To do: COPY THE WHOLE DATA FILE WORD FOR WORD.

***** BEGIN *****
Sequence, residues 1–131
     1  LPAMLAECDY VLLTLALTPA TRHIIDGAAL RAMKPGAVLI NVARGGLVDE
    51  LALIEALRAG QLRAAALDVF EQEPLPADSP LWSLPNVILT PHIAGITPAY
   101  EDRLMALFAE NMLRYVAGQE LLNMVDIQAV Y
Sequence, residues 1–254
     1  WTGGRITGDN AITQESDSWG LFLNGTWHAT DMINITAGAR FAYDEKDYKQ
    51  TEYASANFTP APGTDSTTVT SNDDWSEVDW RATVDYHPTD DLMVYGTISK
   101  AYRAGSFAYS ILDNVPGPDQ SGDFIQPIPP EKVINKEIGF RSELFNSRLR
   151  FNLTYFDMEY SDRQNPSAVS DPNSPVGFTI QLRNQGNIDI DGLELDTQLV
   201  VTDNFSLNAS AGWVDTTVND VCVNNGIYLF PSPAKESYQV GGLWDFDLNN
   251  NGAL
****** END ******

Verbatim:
Sequence, residues 1–131
     1  LPAMLAECDY VLLTLALTPA TRHIIDGAAL RAMKPGAVLI NVARGGLVDE
    51  LALIEALRAG QLRAAALDVF EQEPLPADSP LWSLPNVILT PHIAGITPAY
   101  EDRLMALFAE NMLRYVAGQE LLNMVDIQAV Y
Sequence, residues 1–254
     1  WTGGRITGDN AITQESDSWG LFLNGTWHAT DMINITAGAR FAYDEKDYKQ
    51  TEYASANFTP APGTDSTTVT SNDDWSEVDW RATVDYHPTD DLMVYGTISK
   101  AYRAGSFAYS ILDNVPGPDQ SGDFIQPIPP EKVINKEIGF RSELFNSRLR
   151  FNLTYFDMEY SDRQNPSAVS DPNSPVGFTI QLRNQGNIDI DGLELDTQLV
   201  VTDNFSLNAS AGWVDTTVND VCVNNGIYLF PSPAKESYQV GGLWDFDLNN
   251  NGAL